used.
For passive mode (TFT=0), see description.
SCLKSEL
Bit 7
LSCLK Select—Selects whether to enable or disable
LSCLK in TFT mode when there is no data output.
0 = Disable OE and LSCLK in TFT mode when
no data output
1 = Always enable LSCLK in TFT mode even if
there is no data output
SHARP
Bit 6
Sharp Panel Enable—Enables/Disables signals for
Sharp HR-TFT panels.
0 = Disable Sharp signals
1 = Enable Sharp signals
MC9328MXS Reference Manual, Rev. 1.1
16-24
Freescale Semiconductor
Programming Model
Table 16-13. Panel Configuration Register Description (continued)
Name
PCD
Bits 5–0
Description
Settings
Pixel Clock Divider—Specifies the divide ratio applied to
LCDC_CLK. The LCDC_CLK (PerCLK2) is divided down
by the Pixel Clock Divider to generate the pixel clock. The
LSCLK will be the same as pixel clock in TFT mode, and
will be 1/8 the frequency of the pixel clock in passive
mode.
TFT (TFT bit = 1)
000000 = divide ratio is 1
000001 = divide ratio is 2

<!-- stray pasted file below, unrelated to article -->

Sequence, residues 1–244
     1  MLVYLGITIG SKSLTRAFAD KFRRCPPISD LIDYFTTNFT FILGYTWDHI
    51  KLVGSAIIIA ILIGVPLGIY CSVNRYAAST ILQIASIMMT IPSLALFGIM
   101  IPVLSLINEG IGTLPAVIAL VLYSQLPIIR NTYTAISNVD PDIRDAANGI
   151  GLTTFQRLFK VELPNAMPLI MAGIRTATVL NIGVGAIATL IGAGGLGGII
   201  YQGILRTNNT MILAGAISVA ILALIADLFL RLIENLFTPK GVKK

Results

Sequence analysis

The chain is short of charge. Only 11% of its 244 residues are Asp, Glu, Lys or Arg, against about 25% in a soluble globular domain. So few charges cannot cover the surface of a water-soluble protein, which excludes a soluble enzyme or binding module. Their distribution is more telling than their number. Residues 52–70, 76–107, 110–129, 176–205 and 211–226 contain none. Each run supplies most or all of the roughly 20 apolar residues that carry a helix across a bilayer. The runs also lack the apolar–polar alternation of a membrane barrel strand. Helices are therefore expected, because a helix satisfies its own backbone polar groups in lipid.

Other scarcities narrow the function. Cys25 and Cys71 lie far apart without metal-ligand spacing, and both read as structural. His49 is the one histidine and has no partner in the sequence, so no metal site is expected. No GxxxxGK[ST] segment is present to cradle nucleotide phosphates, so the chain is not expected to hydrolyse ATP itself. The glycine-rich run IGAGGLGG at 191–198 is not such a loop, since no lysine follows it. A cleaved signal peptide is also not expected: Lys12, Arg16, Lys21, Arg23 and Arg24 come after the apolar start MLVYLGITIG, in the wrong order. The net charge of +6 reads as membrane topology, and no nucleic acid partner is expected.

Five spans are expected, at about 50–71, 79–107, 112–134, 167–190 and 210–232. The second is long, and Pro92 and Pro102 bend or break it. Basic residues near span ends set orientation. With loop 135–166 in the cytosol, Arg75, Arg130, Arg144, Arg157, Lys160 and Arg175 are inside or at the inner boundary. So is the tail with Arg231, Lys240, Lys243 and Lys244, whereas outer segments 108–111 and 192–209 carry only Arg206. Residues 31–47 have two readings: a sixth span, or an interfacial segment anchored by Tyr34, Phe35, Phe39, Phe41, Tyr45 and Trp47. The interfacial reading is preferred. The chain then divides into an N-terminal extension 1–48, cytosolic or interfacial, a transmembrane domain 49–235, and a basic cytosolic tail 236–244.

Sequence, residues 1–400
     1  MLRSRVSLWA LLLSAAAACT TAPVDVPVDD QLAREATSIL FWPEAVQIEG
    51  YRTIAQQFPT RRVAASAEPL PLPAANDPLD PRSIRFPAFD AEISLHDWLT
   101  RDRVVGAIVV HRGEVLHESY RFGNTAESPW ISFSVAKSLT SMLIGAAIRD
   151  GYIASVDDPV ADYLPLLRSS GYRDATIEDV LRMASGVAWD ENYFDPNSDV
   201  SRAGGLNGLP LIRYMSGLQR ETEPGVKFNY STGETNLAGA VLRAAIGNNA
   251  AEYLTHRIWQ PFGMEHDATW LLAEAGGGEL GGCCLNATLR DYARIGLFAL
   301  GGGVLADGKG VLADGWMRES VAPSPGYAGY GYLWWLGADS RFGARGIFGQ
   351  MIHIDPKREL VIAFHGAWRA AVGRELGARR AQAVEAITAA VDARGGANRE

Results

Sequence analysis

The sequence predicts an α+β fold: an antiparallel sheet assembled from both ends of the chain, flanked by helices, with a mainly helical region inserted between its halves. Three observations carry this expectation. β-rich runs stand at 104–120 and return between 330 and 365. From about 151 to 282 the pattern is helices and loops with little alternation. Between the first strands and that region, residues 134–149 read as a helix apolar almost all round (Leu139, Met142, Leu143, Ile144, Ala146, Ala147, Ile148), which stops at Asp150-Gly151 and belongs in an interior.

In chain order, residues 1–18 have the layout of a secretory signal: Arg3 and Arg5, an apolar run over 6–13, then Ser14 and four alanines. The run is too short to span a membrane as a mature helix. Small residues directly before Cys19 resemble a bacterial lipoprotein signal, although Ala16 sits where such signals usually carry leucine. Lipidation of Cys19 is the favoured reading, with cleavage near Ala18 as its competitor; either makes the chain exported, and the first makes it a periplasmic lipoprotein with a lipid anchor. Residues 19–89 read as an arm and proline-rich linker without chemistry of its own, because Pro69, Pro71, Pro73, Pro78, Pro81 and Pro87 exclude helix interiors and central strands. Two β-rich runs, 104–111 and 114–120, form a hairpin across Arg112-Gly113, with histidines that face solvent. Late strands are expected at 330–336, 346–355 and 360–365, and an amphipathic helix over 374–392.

000010 = divide ratio is 3
…
111111 = divide ratio is 64
For passive displays (TFT bit = 0), the frequency of
LSCLK must be < 1/9 HCLK at 12 bpp and < 1/15 HCLK
at 4 or 8 bpp. For passive matrix color panels (COLOR = 1
and PBSIZ = 11), PCD must be ≥ 2 and PCLK_DIV2
(PCDR Register) must = 0 (divide by 1). See
Phase-Locked Loop and Clock Controller chapter in this
manual for PCDR register information.
Passive (TFT bit = 0)
000000 = divide ratio is 81
000001 = divide ratio is 161
000010 = divide ratio is 24
…
111111 = divide ratio is 512
For active displays (TFT bit = 1), the frequency of LSCLK
must be < 1/5 HCLK. When PCD = 0, the pixel clock
frequency is equal to the LCDC_CLK frequency.
Note 1: Do not use. For passive panels, PCD
must be greater than or equal to 2 or 000010.
See application notes at http:\\www.freescale.com\imx.
MC9328MXS Reference Manual, Rev. 1.1
Freescale Semiconductor
16-25
Programming Model
16.4.5 Horizontal Configuration Register
The Horizontal Configuration Register defines the horizontal sync pulse timing.
HCR
BIT
Addr
0x0020501C
Horizontal Configuration Register
31
30
29
28
27
26
25
24
23
22
21
20
19
18
17
16
H_WIDTH
TYPE
rw
rw
rw
rw
rw
rw
r
r
r
r
r
r
r
r
r
r
0
0
0
0
0
1
0
0
0
0
0
0
0
0
0
0
7
6
5
4
3
2
1
0
RESET
0x0400
BIT
15
14
13
12
11
10
9
8
H_WAIT_1
TYPE
H_WAIT_2
rw
rw
rw
rw
rw
rw
rw
rw
rw
rw
rw
rw